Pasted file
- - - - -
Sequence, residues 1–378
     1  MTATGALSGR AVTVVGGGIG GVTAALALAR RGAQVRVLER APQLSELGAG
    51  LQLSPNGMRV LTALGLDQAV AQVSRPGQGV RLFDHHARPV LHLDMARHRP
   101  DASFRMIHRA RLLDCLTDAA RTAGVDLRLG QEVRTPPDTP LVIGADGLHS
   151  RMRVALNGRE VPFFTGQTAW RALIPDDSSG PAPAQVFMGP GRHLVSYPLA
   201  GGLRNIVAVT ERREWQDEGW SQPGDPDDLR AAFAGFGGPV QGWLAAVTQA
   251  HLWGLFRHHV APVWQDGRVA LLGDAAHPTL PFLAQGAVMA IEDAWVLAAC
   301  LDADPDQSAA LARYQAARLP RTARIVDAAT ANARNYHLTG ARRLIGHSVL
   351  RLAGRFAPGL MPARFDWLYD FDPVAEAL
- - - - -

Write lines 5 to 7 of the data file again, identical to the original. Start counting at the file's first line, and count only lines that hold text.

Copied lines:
   151  RMRVALNGRE VPFFTGQTAW RALIPDDSSG PAPAQVFMGP GRHLVSYPLA
   201  GGLRNIVAVT ERREWQDEGW SQPGDPDDLR AAFAGFGGPV QGWLAAVTQA
   251  HLWGLFRHHV APVWQDGRVA LLGDAAHPTL PFLAQGAVMA IEDAWVLAAC